The pain, of not having a topic, or a soul, was deep in us. We were, armed with all the possibilities of the written word, plunging ever downward into absurdity, into madness… Miroslav Pritvornikov took the bait and started writing about war criminals. People who were, for a fact, guilty for the crimes they committed but what mattered is that their suffering too, could be made literature…Hague was imperialism, America was a colonial overlord, and our war criminals were defending the “people”. And Europe, of course, became the stronghold of tyrants…but his Europe and mine were the same, it was the place we could never reach…

But what else could we do? “You are going down a crooked path Mishka Zachariy!” he would exclaim while we were sharing a drink at the local pub, after our frequent literary and intellectual feuds. We remained friends throughout because, I needed him and he needed me, and if any side won, both would lose the most important thing—the topic. Something to bicker about.


As we were going through the town avoiding the needles and the gazes of the nationalistic youths out for blood, Miroslav Pritvornikov was giving one of his speeches: “Zachariy, to Russia we must look up to! Russia, and only Russia…Americans will do no good for us.” He had just published a piece about migrant attacks in Vienna or somewhere, his human material has grown while I was running out of topics—meat—to beat my club. It was interesting to me, that Miroslav Pritvornikov never decided to break off all contact. I was, back then, insufferable. Smug, conniving, and drunk, intoxicated on the feeling of moral righteousness. I wonder if he needed me as much as I needed him. Because his Machiavellianism was starting to emerge, slowly, over time, in direct opposition to my own while both of us were drunk.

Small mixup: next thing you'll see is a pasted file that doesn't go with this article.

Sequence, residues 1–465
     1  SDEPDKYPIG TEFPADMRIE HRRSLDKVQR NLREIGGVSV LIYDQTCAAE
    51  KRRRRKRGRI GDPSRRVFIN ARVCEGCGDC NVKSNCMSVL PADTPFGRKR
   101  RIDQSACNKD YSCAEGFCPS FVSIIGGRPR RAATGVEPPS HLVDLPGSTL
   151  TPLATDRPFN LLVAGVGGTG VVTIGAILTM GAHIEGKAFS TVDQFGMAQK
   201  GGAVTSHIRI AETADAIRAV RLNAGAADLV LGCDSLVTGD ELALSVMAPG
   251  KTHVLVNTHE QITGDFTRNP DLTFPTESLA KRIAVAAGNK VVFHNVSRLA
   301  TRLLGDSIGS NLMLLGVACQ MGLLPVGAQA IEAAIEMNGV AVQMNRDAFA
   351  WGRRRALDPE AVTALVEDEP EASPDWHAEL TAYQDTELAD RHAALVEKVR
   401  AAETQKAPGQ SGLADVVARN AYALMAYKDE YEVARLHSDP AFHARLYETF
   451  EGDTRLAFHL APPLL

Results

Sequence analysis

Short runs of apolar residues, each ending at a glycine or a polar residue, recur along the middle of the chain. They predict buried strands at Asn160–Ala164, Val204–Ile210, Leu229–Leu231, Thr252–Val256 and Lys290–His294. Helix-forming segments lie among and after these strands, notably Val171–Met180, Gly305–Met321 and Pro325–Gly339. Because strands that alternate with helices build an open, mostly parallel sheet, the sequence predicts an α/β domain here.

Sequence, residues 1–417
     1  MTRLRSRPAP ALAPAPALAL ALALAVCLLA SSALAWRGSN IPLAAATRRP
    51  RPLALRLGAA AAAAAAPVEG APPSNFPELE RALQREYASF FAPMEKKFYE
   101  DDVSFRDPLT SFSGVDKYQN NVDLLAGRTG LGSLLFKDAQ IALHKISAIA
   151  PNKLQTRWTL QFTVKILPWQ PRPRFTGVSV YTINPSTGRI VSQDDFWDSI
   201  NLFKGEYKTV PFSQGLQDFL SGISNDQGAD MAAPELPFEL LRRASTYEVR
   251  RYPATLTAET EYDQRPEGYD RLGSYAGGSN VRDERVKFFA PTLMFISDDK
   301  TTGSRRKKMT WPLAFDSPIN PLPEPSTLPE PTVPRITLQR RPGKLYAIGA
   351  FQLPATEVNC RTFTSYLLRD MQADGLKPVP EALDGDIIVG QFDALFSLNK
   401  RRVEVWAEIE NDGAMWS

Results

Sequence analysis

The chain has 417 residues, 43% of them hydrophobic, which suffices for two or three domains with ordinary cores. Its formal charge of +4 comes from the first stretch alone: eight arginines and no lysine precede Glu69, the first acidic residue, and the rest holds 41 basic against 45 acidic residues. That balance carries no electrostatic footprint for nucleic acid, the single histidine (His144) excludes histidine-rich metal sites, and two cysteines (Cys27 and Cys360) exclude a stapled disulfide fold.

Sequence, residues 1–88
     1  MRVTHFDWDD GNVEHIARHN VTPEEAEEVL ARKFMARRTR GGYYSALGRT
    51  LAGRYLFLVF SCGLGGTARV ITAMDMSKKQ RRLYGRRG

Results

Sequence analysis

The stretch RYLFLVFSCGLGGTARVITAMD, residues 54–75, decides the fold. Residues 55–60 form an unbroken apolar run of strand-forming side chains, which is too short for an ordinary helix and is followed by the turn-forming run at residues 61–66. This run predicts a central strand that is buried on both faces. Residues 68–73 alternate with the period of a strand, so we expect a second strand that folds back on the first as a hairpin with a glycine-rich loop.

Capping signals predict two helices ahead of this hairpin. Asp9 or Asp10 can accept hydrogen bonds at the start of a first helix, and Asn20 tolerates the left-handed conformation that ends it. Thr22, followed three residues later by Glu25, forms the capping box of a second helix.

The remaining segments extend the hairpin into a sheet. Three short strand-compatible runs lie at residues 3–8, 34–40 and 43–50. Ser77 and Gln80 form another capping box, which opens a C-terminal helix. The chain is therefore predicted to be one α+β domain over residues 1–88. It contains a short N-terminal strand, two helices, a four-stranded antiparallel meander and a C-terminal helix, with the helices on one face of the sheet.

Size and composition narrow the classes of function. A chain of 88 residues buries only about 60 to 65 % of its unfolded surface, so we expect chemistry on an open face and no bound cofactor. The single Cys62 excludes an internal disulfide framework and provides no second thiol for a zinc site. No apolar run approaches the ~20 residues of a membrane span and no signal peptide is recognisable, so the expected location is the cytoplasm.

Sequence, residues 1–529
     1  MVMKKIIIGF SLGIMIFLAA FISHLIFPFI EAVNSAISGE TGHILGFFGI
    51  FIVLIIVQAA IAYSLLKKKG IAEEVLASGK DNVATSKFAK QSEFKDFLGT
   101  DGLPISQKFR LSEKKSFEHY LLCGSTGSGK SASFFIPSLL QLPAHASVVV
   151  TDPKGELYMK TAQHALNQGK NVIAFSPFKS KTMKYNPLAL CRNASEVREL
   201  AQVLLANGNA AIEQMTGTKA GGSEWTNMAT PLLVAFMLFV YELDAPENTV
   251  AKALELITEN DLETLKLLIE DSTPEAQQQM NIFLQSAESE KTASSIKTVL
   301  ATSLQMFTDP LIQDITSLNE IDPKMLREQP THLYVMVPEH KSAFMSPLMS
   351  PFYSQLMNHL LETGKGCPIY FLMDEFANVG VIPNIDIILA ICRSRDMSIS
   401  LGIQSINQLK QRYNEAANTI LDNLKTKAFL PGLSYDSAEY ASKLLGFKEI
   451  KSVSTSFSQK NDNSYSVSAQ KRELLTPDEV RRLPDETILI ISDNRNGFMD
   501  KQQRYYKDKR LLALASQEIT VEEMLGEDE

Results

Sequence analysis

As we were going through the park, our path was intercepted by one of the many gangs of youths who were targeting me. At once, I felt afraid, I knew a day would come when I would pay for my nonsense—back then it held a certain meaning—but I also, looked around…hoping someone would film it. If they film it, I am suffering, if I am in pain, I am more right than him. Unfortunately, maybe he knew…he would always stand in front of me saying: “No matter what, he is still ours.”

This was his way of robbing me of power. It was “intellectual decency”. We were considered the greatest young intellectuals in a small town that somehow, even with opposite views, always stood together. But I already started to comprehend what is it that we do, while he perhaps, actually believed his nonsense. The fact we were always together meant he needed me to abuse my values, and I needed values to overcome…otherwise, what would be my topic? I was not capable of seeing a world without suffering where suffering didn’t mean power. I still recall how furious Miroslav Pritvornikov was after I wrote our ancient dynasty of kings were—fascists.

“Mishka Zachariy! Again up to something aren’t you?!” he yelled over the phone. My mail was flooded, it was dangerous to walk the streets, but what I said was received—out there in the capital, maybe in Europe—as the mark of a brave young intellectual with courage to speak the truth. The truth…they were not fascists—dead for 800 years—but they were “fascists”. Because they had power, and to a Dostoevskian, anyone who has it is morally wrong. So you need to make those powerless gain it…and that is how you get your topic and perhaps, slothful Europe looks your way.